Brembo spends 5 percent of sales income each year on research and development - a department that employs a tenth of its staff - as it tries to stay ahead of competitors in the use of materials, performance, efficiency, comfort and style.
Here it contrasts to many fellow Italian manufacturers. Investment in research and technology in Italy is about half that of France and Germany as a proportion of economic output, and a third of the level in Sweden, according to the OECD.
Brembo's results keep beating analysts' forecasts, as they did last week when the firm released figures for the first half of this year and raised its guidance for all of 2014.
Its focus on exporting has also paid off. While the Italian economy languishes, its shares are up nearly 45 percent in the year to date, making it the highest gainer among Milan-listed mid-sized stocks..
While a major supplier for bikes made by Harley Davidson of the United States, Germany's BMW and VW-owned Ducati at home, Brembo struggled to expand in the Japanese bike market, where manufacturers opted for cheaper products.
That changed when Japanese producers, worst hit when the bike market contracted, decided to pay for premium parts to beef up their offering and recover market share, Tiraboschi said.
Brembo signed a deal with Suzuki and Yamaha in 2012 and Honda a year later, with Kawasaki to follow soon.
Brembo's calipers, which are often red and branded with the group's name and made of aluminium, are visible through alloy wheels. Discs are mainly produced out of cast iron, although those supplied to Ferrari are made of carbon ceramics.
With a few exceptions such as Fiat, Italy lacks industrial giants that compete globally and depends largely on a pool of small and mid-sized manufacturers.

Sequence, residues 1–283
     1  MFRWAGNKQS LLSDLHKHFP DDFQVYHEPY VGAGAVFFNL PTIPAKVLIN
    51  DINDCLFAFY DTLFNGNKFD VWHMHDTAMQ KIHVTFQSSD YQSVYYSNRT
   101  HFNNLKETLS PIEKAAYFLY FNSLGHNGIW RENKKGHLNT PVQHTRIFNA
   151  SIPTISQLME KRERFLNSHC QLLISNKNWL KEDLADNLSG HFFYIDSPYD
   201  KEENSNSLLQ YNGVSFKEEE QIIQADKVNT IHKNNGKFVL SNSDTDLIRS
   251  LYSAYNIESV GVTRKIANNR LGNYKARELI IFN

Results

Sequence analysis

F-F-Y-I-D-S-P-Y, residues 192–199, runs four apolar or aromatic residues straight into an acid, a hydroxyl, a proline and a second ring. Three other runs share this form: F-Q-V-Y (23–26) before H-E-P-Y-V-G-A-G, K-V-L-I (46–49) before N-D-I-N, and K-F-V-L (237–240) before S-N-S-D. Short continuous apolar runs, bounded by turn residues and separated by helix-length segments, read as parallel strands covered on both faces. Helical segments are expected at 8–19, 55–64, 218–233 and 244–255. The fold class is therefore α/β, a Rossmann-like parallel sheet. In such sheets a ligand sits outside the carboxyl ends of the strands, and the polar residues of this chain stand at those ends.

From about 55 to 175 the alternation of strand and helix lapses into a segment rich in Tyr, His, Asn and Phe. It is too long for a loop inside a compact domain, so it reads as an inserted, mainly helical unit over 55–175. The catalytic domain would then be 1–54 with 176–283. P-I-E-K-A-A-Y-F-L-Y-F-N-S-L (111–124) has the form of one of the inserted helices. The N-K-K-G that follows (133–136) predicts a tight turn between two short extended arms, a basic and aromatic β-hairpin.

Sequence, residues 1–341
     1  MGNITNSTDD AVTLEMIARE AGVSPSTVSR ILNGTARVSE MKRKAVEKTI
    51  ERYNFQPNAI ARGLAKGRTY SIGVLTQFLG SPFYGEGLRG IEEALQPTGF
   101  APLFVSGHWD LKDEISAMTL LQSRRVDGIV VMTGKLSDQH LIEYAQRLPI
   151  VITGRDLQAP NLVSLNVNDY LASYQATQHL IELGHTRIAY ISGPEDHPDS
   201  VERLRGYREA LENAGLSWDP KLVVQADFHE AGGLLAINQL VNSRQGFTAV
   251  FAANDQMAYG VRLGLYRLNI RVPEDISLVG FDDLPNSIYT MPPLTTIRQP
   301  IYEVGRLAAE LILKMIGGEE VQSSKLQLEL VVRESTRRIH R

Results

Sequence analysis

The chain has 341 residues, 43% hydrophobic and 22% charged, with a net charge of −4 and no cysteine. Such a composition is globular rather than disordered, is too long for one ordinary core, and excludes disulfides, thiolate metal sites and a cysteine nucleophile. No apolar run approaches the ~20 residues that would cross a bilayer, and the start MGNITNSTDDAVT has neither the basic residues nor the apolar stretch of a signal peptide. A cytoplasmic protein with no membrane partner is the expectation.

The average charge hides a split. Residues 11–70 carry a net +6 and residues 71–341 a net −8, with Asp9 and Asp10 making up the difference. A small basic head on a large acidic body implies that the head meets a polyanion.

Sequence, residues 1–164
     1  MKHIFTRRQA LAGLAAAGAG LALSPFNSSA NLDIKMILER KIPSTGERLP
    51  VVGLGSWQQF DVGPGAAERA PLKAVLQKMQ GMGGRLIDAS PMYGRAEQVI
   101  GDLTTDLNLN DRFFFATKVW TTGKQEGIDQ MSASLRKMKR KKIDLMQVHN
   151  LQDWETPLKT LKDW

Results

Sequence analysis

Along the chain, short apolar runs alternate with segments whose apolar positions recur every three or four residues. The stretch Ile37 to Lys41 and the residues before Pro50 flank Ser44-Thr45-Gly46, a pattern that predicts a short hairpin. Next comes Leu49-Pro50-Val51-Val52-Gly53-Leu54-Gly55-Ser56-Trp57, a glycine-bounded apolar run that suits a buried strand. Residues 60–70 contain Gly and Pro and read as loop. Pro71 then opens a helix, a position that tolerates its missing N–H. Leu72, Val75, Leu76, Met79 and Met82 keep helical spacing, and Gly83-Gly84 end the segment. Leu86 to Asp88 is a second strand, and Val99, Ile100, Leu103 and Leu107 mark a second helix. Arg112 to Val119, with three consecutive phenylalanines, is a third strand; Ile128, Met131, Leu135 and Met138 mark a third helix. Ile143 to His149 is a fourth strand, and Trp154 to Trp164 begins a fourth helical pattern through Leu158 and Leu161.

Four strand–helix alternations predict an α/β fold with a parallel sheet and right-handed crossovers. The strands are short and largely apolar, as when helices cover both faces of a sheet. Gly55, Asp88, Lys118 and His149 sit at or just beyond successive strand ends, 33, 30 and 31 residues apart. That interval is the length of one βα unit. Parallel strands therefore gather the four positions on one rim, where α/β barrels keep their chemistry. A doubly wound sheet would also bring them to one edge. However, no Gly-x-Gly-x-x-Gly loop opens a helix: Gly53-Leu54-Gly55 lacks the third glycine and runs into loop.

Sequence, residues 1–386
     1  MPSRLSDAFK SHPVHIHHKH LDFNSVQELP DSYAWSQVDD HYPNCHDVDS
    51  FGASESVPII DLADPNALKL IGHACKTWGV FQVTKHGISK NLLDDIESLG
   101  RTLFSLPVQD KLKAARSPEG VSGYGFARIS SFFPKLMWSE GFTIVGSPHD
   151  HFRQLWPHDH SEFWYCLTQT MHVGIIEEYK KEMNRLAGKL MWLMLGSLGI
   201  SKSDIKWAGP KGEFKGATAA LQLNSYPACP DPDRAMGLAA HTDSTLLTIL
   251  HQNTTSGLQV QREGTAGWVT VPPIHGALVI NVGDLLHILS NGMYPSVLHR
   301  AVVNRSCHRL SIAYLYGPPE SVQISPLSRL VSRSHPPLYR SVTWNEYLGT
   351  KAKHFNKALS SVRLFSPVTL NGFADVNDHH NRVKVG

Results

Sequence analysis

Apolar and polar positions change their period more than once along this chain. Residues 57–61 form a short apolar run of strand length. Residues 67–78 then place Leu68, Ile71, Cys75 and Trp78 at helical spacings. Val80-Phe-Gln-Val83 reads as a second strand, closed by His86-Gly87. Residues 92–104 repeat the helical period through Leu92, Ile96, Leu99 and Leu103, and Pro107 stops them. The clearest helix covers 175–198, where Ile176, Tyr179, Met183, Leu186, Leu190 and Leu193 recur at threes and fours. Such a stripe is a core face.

But Brembo makes virtue of its modest size. What makes it stand out from mass-market rival producers such as Continental and TRW is its "ability to work on tailor-made small-batch production", said Giorgio Iannella, an analyst at Kepler Cheuvreux. "Flexibility is at the heart of Brembo's leadership in its market niche."
Brembo shares have risen around 800 percent since a 40 percent stake was listed on the Milan bourse in July 1995 and the business is said to have made Alberto Bombassei, the current chairman and son of the group's founder, Emilio, a billionaire.
The Bombassei family still owns 53.5 percent of the company and has no desire to sell down its stake, Tiraboschi said.
While Germany and North America made up nearly half of its sales last year, in future Brembo hopes for an even spread between Asia, Europe and the Americas. It is placing new sites close to where its clients are to be flexible and cut costs.
"We want to be domestic in the Americas, Europe and Asia," Tiraboschi said.
The company has invested 600 million euros ($800 million)over the past five years in plants, and forecasts annual capital expenditure of 130-140 million euros for the next few years.
Brembo has recently expanded a plant in the U.S. state of Michigan, expecting North America to become its top market this year, and will also build a new cast iron foundry there.
While some Italian manufacturers complain of high borrowing costs, Tiraboschi said credit availability was not a problem for Brembo. Its financial position is solid but it may consider a private bond placement by early next year, he added. ($1 = 0.7448 Euros) (Additional reporting by Yoko Kubota in Tokyo; editing by David Stamp)